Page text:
Archived Issues (PDF Only)

EASST Review: Volume 29(3) September 2010 PDF

Transdisciplinary Interaction; Development Label as Sense and Nonsense, 25 years of EASST conferences

EASST Review: Volume 29(2) July 2010 PDF

In Memoriam: Susan Leigh Star

EASST Review: Volume 29(1) February 2010 PDF

EASST Nationally; Technoscience & Global South

EASST Review: Volume 28(4) November 2009 PDF

Thinking big at 4S; Urban laboratories

EASST Review: Volume 28(3) October 2009 PDF

Olga Amsterdamska; When Species Meet

EASST Review: Volume 28(2) June 2009 PDF

EASST Forum; Digital Methods

EASST Review: Volume 28(1) February 2009 PDF

Revisting Relevance in STS; Participatory Policy-making

EASST Review: Volume 27(2) June 2008 PDF

EASST Forum Bots; Trails through the 4S/EASST Joint Meeting

EASST Review: Volume 27(1) March 2008 PDF

Maintaining Scientific Communities; Developing Complex Technologies

EASST Review: Volume 26(3/4) September 2007 PDF

Friedrich Dessauer; Qualitative Inquiry and the Conservative Challenge

EASST Review: Volume 26(2) July 2007 PDF

Summertime; The Problem of Health Technology

EASST Review: Volume 26(1) March 2007 PDF

Counting Edges; Publishing Practices Debate

EASST Review: Volume 25(4) December 2006 PDF

Science in the Context of Application; Re-viewing the EASST Review

EASST Review: Volume 25(3) September 2006 PDF

Cultural Assessment of Nanotechnology; Eco-knowledge; Reflections on the 2006 EASST Conference, Lausanne

EASST Review: Volume 25(2) June 2006 PDF

STS & Science Policy; Reviewing Humanness

EASST Review: Volume 25(1) March 2006 PDF

Middle-range theory; Policy advice & quality control

EASST Review: Volume 24(2/3) September 2005 PDF

Nanotechnology & Society; Assembling Things

EASST Review: Volume 24(1) March 2005 PDF

Actor Network Theory and Psychology; Objects of Knowledge

EASST Review: Volume 23(3) September 2004 PDF

Reports from the joint 4S & EASST Conference, Aug 2004; Shifting boundaries between science and politics?; Science narratives

EASST Review: Volume 23(2) June 2004 PDF

Reality is …; Making sense of the seams between science and society; Sites of knowledge production

EASST Review: Volume 23(1) March 2004 PDF

Framing GM food; When public debate meets government; Styles of reasoning in the debate on GMOs

EASST Review: Volume 22(1) March 2003 PDF

Tributes to David Edge

EASST Review: Volume 21(3/4) December 2002 PDF

Contentious science; How not to think about biotechnology; The issue crawler

EASST Review: Volume 21(2) June 2002 PDF

Telling stories – to some effect; In the land of Lomborg

EASST Review: Volume 21(1) March 2002 PDF

Does interdisciplinarity really exist?; Knowledge in plural context; Genetics and the interstices of knowledge

EASST Review: Volume 20(3) September 2001 PDF

When science meets film

EASST Review: Volume 20(2) June 2001 PDF

On writing beyond rationality; The technology of voting; An introduction to green knowledge; STS and the Dutch

EASST Review: Volume 20(1) March 2001 PDF

Deep play and social responsibility in Vienna; Governance & Science Group; The international science shop network

EASST Review: Volume 19(4) December 2000 PDF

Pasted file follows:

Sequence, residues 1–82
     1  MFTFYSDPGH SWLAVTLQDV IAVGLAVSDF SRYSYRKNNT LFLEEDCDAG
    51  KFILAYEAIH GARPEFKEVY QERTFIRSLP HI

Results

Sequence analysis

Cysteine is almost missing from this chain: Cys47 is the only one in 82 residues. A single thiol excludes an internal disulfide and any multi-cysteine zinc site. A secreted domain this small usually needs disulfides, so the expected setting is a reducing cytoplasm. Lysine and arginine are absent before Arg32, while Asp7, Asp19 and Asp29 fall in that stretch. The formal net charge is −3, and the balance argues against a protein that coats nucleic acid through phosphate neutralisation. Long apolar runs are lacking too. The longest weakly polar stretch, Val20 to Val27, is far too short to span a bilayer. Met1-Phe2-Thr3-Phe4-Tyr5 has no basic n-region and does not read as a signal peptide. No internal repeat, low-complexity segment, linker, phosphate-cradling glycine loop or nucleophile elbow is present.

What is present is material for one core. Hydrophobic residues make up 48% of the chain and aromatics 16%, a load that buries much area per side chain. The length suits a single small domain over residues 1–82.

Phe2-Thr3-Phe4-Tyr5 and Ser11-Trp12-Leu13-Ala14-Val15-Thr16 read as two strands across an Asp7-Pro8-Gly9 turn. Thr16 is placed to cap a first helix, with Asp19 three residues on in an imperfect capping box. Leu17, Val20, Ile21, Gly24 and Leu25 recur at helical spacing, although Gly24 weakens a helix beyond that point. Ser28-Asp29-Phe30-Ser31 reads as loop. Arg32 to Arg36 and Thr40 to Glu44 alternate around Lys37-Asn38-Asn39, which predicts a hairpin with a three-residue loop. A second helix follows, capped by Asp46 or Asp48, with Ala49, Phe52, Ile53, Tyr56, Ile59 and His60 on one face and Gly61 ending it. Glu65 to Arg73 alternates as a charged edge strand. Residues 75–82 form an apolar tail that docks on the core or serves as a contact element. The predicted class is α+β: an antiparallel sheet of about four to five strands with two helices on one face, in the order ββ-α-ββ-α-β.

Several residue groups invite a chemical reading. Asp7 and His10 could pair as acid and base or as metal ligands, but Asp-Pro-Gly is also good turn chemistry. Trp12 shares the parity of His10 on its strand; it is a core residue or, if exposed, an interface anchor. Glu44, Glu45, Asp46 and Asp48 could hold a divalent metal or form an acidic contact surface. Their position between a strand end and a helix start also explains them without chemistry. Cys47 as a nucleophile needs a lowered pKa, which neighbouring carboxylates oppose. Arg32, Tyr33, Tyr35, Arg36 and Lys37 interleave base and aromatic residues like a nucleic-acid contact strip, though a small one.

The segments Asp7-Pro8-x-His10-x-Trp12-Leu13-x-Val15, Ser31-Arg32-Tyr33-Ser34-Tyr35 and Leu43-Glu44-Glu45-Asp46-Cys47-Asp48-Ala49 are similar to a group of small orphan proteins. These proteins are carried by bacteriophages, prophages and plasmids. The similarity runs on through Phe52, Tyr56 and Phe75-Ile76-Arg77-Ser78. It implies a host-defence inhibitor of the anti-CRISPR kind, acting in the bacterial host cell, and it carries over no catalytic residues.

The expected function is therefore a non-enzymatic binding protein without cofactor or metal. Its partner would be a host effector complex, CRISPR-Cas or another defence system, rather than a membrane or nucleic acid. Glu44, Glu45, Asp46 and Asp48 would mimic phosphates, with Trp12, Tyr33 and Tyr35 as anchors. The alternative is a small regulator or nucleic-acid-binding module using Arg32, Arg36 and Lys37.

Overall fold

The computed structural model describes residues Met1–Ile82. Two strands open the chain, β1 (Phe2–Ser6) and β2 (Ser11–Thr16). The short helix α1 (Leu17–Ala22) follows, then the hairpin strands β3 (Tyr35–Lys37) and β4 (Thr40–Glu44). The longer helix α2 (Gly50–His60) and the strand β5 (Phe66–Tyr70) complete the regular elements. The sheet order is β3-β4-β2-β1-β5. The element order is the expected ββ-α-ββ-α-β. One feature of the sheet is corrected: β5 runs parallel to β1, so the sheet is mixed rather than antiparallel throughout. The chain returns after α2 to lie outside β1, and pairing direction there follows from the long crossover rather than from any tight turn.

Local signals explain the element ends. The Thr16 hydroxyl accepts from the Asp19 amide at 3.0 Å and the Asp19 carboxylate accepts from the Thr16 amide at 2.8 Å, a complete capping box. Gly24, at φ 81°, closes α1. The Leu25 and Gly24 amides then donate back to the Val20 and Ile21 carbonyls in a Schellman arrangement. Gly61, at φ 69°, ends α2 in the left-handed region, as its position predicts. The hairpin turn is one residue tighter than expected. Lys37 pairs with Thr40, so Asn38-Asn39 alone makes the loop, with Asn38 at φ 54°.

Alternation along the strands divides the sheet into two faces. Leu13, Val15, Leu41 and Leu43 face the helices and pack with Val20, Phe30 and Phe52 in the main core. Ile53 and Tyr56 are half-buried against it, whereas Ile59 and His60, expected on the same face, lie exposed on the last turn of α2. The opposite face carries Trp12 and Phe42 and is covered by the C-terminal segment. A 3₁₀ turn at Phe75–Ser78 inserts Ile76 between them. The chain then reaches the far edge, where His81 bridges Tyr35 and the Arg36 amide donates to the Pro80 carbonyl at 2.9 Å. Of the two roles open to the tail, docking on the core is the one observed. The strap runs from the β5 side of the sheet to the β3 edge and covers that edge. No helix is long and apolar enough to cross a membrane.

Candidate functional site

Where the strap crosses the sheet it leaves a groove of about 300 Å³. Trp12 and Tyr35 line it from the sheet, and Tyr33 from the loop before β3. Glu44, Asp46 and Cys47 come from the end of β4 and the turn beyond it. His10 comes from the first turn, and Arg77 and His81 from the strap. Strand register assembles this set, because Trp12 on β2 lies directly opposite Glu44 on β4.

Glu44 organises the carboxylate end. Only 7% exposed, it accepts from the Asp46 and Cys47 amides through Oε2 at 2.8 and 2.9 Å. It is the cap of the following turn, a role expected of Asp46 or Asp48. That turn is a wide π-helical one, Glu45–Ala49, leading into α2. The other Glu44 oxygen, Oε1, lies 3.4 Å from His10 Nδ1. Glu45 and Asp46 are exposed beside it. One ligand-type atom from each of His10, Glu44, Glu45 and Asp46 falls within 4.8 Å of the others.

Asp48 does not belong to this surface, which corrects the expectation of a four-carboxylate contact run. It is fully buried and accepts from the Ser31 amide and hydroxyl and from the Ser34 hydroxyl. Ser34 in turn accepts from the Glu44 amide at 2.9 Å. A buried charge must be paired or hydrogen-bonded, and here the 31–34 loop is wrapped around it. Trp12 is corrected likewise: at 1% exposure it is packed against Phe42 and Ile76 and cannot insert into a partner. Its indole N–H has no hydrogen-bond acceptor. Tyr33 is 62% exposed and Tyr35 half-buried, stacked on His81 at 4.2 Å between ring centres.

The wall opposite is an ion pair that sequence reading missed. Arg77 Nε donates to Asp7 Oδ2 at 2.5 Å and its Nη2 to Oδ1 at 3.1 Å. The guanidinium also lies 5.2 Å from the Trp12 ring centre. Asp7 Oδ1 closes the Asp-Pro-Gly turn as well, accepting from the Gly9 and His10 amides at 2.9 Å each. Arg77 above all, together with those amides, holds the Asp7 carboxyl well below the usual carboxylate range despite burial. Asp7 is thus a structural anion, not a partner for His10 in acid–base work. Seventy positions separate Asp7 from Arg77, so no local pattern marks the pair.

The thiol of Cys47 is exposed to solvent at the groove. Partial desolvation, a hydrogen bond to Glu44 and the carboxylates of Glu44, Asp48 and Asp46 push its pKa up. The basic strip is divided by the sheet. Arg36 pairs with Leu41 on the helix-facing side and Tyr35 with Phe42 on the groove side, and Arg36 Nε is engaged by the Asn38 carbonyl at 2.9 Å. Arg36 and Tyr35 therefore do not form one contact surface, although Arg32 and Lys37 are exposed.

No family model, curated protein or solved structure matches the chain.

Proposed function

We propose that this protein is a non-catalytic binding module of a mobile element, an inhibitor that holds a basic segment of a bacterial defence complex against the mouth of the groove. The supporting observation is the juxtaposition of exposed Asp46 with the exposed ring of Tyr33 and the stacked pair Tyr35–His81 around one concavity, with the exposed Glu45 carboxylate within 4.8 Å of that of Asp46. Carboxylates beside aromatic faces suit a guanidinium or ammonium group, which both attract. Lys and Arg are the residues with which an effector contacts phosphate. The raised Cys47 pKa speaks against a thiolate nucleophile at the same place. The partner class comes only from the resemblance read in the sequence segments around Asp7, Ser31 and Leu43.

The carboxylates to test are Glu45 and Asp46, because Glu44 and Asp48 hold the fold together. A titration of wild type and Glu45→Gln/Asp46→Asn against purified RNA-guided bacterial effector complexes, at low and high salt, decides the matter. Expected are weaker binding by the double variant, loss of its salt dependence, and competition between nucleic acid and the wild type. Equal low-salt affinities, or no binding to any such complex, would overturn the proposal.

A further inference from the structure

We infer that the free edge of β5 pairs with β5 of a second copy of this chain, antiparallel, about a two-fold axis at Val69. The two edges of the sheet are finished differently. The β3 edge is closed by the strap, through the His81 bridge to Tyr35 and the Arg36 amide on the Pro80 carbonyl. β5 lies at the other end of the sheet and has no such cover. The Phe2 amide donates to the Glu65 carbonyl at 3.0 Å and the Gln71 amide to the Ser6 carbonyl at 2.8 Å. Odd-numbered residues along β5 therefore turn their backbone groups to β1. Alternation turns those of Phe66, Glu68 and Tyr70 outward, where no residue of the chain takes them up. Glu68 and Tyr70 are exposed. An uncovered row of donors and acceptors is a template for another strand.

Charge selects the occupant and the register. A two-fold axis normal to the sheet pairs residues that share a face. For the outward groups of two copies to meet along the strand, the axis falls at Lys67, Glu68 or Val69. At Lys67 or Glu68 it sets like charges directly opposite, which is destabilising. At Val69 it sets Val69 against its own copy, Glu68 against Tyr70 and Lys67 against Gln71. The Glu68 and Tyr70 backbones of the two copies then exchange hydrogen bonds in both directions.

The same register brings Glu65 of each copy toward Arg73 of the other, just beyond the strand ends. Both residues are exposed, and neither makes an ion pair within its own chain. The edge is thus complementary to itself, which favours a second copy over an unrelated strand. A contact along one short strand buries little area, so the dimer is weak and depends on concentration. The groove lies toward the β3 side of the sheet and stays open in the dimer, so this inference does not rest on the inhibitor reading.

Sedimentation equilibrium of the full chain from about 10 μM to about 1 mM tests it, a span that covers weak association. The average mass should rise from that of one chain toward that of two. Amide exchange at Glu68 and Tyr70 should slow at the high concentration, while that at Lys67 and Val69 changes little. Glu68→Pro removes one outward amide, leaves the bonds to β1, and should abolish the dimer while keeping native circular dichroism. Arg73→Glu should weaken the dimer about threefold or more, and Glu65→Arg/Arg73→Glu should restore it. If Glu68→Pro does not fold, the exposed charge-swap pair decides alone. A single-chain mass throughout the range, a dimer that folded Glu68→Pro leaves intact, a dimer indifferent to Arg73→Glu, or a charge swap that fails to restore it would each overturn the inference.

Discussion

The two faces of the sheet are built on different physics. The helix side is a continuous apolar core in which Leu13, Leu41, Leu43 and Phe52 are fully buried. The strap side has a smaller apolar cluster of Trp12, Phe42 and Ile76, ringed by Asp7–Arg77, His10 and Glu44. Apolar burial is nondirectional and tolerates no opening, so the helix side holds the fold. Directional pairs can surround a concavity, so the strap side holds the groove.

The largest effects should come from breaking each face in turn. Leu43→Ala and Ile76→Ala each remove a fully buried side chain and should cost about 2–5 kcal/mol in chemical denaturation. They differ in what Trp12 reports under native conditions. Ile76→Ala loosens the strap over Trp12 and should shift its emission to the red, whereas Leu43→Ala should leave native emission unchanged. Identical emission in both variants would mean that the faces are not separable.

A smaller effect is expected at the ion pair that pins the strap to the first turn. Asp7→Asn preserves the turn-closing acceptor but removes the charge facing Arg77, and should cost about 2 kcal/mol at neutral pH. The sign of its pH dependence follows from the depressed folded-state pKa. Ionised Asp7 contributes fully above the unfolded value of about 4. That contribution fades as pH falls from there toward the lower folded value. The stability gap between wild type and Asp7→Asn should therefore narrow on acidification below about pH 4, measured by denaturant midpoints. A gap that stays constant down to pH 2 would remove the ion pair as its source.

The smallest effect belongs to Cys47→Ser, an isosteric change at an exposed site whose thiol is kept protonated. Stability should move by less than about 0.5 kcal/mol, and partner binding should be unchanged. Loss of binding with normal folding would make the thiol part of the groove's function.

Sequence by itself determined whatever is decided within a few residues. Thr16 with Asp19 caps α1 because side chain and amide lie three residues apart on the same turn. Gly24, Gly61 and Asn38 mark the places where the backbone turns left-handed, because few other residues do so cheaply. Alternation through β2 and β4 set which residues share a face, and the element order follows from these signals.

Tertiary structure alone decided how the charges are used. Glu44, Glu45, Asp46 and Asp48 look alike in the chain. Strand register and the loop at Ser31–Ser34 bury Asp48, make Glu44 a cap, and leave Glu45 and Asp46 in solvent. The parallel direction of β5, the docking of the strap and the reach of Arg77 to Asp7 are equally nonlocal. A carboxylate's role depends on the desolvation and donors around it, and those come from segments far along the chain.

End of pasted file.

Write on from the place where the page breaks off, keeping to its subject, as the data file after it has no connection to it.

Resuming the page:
Cyberculture studies at the turn of the century; Report on the 4S / EASST Conference in Vienna

EASST Review: Volume 19(1) March 2000 PDF

The politics of computer profiling; Pretentions and politics; About not being afraid of the technological sublime

EASST Review: Volume 18(4) December 1999 PDF

The dialectics of sustainable technology; Preferring the wild west; Real issues in virtual space

EASST Review: Volume 18(1) March 1999 PDF

Regulatory futures; Did NASA become the post office gone to space?

EASST Review: Volume 17(4) December 1998 PDF

Germ theory in a colonial setting; Understanding scientific reearch on the periphery; EASST Lisbon conference; Socio-economic studies of science, technology & innovation in Spain; REDES and the building of a Latin American tradition in STS studies; Transition within the transition; Whither public participation in technology?

EASST Review: Volume 17(2) June 1998 PDF

The auscultation of medical practices from past and present; The globalization of environmental discourse; Introducing SSK; Response to domesticating biotechnology; A future perspective on STS and scientometrics; Forum on genetics and society

EASST Review: Volume 17(1) March 1998 PDF

Domesticating biotechnology

EASST Review: Volume 16(2) June 1997 PDF

When technoscience rewrites biology; How can we educate green engineers?; Letter from London

EASST Review: Volume 16(1) March 1997 PDF

Technological culture and literary representation; Diverging perceptions of hazards and risks; Science, gender and science fiction;

EASST Review: Volume 15(4) December 1996 PDF

Knowing the sociology of technology; Future for SSK?; The environmental movement and science policy; STS participation in TSER Programme; A network of European centres in STS; The future location of research

EASST Review: Volume 15(3) September 1996 PDF

Sociology of Science – Should scientists care?; Comparing notes; Mathematics, quantication and social change; Quantitative measuring or qualitative understanding?

EASST Review: Volume 15(2) June 1996 PDF

No surfing on science beach!; How I learned to start worrying; STS on other planets; Letter from London